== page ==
https://medium.com/@vijayboyapati/the-bullish-case-for-bitcoin-6ecc8bdecc1

https://www.google.ca/amp/time.com/5486673/bitcoin-venezuela-authoritarian/%3famp=true

#18 Damifino on 04.14.19 at 5:22 pm

#9 Shawn Allen

Hope everyone who collects personal points or rewards on a corporate card is reporting the that taxable benefit.
——————————————–

I’m so honest I report my Canadian Tire money.

#19 Re-Cowtown on 04.14.19 at 5:26 pm

#1 crowdedelevatorfartz on 04.14.19 at 4:30 pm
I guess BC could threaten to cut off our wine to Alberta but that would only affect about 10 of them…

+++++++++++++++++++++++++++++++

True. And they’re all ex-pat Albertans.

#20 JSS on 04.14.19 at 5:28 pm

I predict an NDP minority government win in Alberta.

#21 Keith in Rio on 04.14.19 at 5:30 pm

Rachel Notley will here in after be referred to as St. Pancake.

The blue steamroller is large this time.

#22 Blutterfy on 04.14.19 at 5:33 pm

Haha haha. To all you rah raging Kenney I can tell you as a transplant from Ontario who’s lived in Alberta for more than a decade now, Alberta’s politics are very much skewed right. Notley makes Mike Harris look like a left wing nut and she’s way more conservative than any BC or Ontario conservative premier candidate. That being said, you can imagine how much more far right Albertans conservatives are… …to say populist and tribalist is a bit of an understatement.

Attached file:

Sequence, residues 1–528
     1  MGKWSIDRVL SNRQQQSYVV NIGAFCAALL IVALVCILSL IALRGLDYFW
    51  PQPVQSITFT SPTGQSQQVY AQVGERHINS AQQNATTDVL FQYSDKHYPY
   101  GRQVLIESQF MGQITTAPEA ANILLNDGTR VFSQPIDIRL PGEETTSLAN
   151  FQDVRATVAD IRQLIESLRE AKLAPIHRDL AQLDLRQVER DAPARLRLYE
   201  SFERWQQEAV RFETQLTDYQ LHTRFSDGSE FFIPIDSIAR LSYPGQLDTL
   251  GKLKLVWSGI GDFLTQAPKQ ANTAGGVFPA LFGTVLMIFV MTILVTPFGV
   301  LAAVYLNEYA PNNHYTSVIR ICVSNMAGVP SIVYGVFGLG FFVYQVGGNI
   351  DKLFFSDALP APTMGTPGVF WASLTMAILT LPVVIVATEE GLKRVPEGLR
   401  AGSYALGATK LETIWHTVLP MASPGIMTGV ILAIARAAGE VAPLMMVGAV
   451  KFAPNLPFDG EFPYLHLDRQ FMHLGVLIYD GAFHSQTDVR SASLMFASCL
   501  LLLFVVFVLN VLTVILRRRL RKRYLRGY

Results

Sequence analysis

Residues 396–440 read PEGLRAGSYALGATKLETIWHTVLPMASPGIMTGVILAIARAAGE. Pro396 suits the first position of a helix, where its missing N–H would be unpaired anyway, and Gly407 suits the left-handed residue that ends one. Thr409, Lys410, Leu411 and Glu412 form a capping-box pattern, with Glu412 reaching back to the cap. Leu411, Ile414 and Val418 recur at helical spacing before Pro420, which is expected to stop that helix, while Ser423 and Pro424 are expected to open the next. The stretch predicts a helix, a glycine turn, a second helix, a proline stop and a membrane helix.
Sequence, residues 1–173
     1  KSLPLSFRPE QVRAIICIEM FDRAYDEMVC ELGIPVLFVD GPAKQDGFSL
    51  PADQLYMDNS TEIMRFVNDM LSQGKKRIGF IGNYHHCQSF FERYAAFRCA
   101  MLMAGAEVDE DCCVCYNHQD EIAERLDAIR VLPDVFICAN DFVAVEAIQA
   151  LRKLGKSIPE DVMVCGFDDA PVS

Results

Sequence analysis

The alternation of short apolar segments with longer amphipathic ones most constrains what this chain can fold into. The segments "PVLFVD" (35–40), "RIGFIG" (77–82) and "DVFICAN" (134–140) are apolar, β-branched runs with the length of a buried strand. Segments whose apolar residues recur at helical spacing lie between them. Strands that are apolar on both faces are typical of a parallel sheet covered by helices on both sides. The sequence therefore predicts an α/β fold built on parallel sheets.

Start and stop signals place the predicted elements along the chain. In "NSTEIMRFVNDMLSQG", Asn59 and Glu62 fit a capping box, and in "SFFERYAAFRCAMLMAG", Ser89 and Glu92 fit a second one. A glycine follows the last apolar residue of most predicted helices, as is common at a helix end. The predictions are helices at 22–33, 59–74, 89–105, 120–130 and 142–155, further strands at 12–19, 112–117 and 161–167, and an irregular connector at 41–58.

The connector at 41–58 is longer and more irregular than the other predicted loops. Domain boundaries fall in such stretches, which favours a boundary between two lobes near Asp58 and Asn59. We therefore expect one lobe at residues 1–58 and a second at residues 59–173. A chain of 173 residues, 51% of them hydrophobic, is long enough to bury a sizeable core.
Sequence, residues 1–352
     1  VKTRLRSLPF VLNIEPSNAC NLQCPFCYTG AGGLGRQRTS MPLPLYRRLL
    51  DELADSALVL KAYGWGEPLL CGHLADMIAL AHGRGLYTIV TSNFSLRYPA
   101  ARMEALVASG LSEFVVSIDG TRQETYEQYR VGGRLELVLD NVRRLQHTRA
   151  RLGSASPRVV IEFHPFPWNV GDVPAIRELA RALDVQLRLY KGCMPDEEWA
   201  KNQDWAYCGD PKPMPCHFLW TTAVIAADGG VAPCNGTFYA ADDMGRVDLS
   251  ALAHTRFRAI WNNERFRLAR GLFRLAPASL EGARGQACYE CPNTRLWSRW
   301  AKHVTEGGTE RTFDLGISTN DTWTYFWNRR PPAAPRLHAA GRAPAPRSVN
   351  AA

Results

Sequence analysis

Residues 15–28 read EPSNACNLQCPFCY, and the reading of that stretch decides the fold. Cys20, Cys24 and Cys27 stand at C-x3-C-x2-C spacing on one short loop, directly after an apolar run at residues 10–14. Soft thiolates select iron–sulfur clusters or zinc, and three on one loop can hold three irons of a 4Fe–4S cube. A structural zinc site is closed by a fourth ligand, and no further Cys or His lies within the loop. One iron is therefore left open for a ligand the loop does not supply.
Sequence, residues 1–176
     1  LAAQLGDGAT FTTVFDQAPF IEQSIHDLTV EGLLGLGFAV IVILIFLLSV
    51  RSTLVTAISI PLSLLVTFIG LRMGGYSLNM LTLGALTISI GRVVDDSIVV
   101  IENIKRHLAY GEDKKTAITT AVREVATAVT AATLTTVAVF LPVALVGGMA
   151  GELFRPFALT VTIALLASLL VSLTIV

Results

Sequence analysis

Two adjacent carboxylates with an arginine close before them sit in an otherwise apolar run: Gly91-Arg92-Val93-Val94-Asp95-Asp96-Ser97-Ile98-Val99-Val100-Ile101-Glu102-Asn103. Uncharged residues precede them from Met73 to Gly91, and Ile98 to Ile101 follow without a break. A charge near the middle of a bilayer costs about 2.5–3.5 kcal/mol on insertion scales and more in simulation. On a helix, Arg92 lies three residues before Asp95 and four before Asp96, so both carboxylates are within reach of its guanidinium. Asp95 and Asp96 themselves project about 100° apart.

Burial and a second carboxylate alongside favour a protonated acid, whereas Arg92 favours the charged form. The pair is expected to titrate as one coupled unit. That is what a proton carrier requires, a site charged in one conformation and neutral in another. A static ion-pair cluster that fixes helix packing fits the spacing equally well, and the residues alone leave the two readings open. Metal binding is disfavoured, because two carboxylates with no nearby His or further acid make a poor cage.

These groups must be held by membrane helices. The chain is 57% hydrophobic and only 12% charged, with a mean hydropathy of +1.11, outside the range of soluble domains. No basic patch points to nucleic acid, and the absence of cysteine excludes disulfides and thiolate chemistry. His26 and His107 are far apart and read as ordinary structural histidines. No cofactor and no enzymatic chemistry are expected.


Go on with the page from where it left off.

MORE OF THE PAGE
#23 This is gonna on 04.14.19 at 5:38 pm

be colorful today. Let me get my hardhat.

#24 Shawn Allen on 04.14.19 at 5:47 pm

Stocks and Bonds (and ETFs thereof) versus BitCoin

For bonds 100% of the returns from issuance to maturity consist of interest payments from the issuer. Layered on top of that is some trading whereby some bond investors make capital gains tht must exactly offset others who make capital losses. This trading part is a zero-sum game and negative after costs / fees. But the interest part (even considering some defaults) is a positive sum game. On average, bond investors make money via interest payments. There is a consistent positive flow of money from the issuers to investors.

Stocks are somewhat similar. In this case there on the population of stocks a positive flow of cash from customers to investors. Some of that comes as dividends and some as capital gains that are positive most years. In most years the population of stock investors makes money. That is buy and hold investors reliable make money most (not all) years.